Our History

2002

The Beginning of Change

  • Campaign for College Opportunity co-founders David Wolf and Steve Weiner embark on a statewide college leader listening tour to assess the state of higher education in California and publish Keeping the Promise, highlighting their findings.
2002-Keep-the-College-Promise
2003 CCO Official Incorporation

2003

The Campaign for College Opportunity is Incorporated

  • Civil rights, business, education, and community leaders from the California Business Roundtable, Community College League of California, and the Mexican American Legal Defense and Educational Fund (MALDEF) come together to found the Campaign for College Opportunity.
  • In November, the Campaign is officially incorporated and funded by the Charles Stewart Mott Foundation, Community College League of California, the Ford Foundation, the Hewlett Foundation, the James Irvine Foundation, the David and Lucille Packard Foundation, and the Rockefeller Foundation.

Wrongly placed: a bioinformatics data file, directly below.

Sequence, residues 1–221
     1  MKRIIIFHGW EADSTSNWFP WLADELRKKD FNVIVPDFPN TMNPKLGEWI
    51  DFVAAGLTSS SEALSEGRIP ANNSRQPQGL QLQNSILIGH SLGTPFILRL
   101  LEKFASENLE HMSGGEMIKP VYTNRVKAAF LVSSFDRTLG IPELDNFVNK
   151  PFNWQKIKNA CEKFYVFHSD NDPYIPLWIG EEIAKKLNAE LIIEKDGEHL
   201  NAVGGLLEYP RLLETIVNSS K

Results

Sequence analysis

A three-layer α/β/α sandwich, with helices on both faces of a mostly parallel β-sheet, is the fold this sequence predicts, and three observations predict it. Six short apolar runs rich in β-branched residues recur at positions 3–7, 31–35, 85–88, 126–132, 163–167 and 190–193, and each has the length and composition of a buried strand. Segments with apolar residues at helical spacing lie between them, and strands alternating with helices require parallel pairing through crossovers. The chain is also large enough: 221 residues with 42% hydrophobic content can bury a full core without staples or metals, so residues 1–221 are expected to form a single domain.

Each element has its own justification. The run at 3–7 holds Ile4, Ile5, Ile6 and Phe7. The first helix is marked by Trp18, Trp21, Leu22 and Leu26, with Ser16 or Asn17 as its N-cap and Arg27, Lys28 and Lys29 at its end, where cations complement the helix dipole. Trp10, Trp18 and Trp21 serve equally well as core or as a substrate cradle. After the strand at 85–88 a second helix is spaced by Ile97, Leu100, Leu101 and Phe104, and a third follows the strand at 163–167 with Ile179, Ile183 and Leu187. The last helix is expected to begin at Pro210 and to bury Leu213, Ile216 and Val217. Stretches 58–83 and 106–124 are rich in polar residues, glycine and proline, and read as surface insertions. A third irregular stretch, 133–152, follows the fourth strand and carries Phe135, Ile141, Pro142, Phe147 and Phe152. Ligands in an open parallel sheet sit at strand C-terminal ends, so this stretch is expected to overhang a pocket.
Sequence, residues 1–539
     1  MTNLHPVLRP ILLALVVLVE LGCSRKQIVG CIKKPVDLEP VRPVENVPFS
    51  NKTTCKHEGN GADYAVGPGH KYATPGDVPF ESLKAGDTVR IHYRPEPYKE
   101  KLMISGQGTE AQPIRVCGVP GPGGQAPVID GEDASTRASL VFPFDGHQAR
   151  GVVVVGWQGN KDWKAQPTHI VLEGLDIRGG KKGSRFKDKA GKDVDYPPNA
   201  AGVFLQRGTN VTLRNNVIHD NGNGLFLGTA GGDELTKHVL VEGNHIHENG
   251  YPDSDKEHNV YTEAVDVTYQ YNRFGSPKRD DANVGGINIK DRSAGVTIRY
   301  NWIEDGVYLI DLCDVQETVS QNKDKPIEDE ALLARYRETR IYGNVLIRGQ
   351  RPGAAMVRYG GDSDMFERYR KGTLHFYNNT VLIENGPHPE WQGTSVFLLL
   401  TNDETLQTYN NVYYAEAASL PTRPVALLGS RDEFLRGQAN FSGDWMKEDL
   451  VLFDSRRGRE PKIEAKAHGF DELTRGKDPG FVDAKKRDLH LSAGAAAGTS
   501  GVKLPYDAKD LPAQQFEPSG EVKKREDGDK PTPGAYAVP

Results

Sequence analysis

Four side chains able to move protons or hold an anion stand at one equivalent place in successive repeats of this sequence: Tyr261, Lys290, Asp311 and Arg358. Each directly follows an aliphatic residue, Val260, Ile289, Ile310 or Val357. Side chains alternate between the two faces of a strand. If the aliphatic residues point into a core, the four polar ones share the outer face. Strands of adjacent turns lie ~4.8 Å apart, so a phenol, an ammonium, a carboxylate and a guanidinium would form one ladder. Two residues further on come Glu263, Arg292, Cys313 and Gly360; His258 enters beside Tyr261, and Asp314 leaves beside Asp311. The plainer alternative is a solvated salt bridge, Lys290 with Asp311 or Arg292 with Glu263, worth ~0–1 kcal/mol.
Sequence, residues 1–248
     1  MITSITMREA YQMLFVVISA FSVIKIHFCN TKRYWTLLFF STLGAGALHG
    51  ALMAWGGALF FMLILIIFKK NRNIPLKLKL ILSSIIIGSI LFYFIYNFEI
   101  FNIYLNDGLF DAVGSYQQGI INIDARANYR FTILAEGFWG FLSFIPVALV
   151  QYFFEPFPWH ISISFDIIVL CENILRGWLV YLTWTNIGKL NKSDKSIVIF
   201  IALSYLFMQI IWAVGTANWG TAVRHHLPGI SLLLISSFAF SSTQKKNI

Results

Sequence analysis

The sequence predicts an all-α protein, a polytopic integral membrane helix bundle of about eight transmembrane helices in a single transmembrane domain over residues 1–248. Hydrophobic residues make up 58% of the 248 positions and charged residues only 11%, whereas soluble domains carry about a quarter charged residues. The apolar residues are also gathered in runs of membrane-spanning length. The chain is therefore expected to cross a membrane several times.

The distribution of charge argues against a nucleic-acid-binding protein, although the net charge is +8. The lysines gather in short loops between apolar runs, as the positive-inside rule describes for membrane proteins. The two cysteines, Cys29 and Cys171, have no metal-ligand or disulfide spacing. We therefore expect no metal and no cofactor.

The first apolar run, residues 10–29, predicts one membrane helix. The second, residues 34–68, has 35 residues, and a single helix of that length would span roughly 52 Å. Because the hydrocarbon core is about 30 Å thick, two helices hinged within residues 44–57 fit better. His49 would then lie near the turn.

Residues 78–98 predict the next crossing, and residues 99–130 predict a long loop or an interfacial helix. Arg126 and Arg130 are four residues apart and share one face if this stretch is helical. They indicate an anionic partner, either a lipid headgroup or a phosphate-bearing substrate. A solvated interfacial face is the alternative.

2004

The Work Begins

  • The Campaign hires its first Executive Director, Abdi Soltani,  and Associate Director, Michele Siqueiros, and opens offices in Oakland and Los Angeles.
  • Our founding board sets out a policy agenda focused on:
    • Expanding college access – focusing on meeting capacity as budget cuts were very much limiting the number of students served.
    • Efficiency and innovation – focusing on what colleges can do to help serve more students and increase college completion.
    • Tuition policy – recommending tuition and fee policy that provides both families and colleges with a predictable and stable expectation of costs and revenue.
2005 Listen Up Cover

2005

Laying the Groundwork

  • The Campaign launches a statewide listening tour visiting 66 cities to build relationships with leaders across the state and discuss the challenges facing higher education. Following the tour, we publish Listen Up, a summary of our key findings.